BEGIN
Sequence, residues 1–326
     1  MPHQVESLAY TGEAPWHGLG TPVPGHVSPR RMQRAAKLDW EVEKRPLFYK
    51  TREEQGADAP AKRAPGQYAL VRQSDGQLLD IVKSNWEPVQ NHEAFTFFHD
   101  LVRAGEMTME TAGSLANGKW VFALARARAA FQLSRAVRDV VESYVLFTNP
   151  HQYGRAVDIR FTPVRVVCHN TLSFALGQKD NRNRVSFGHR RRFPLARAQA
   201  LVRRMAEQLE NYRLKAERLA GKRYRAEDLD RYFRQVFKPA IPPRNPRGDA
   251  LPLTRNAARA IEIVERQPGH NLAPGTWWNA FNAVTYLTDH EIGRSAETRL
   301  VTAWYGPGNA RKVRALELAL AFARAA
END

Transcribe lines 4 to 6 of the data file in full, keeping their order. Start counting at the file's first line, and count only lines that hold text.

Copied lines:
   101  LVRAGEMTME TAGSLANGKW VFALARARAA FQLSRAVRDV VESYVLFTNP
   151  HQYGRAVDIR FTPVRVVCHN TLSFALGQKD NRNRVSFGHR RRFPLARAQA
   201  LVRRMAEQLE NYRLKAERLA GKRYRAEDLD RYFRQVFKPA IPPRNPRGDA